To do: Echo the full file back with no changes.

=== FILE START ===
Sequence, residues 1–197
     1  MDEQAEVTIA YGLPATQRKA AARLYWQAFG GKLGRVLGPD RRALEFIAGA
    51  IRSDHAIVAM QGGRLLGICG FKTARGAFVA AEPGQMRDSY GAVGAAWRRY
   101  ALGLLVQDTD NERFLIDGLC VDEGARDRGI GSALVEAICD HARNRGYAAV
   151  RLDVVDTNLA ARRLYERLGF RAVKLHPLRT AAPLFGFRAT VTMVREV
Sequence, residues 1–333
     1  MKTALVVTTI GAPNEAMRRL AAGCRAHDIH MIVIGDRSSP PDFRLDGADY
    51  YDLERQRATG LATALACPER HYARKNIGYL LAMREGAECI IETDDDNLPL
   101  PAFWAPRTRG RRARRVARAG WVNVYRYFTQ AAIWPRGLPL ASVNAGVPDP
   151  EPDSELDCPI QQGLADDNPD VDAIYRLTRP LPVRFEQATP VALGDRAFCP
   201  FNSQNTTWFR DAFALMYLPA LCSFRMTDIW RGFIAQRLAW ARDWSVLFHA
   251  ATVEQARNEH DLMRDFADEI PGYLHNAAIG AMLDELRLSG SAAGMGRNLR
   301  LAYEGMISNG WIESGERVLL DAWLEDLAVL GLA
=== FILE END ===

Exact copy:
Sequence, residues 1–197
     1  MDEQAEVTIA YGLPATQRKA AARLYWQAFG GKLGRVLGPD RRALEFIAGA
    51  IRSDHAIVAM QGGRLLGICG FKTARGAFVA AEPGQMRDSY GAVGAAWRRY
   101  ALGLLVQDTD NERFLIDGLC VDEGARDRGI GSALVEAICD HARNRGYAAV
   151  RLDVVDTNLA ARRLYERLGF RAVKLHPLRT AAPLFGFRAT VTMVREV
Sequence, residues 1–333
     1  MKTALVVTTI GAPNEAMRRL AAGCRAHDIH MIVIGDRSSP PDFRLDGADY
    51  YDLERQRATG LATALACPER HYARKNIGYL LAMREGAECI IETDDDNLPL
   101  PAFWAPRTRG RRARRVARAG WVNVYRYFTQ AAIWPRGLPL ASVNAGVPDP
   151  EPDSELDCPI QQGLADDNPD VDAIYRLTRP LPVRFEQATP VALGDRAFCP
   201  FNSQNTTWFR DAFALMYLPA LCSFRMTDIW RGFIAQRLAW ARDWSVLFHA
   251  ATVEQARNEH DLMRDFADEI PGYLHNAAIG AMLDELRLSG SAAGMGRNLR
   301  LAYEGMISNG WIESGERVLL DAWLEDLAVL GLA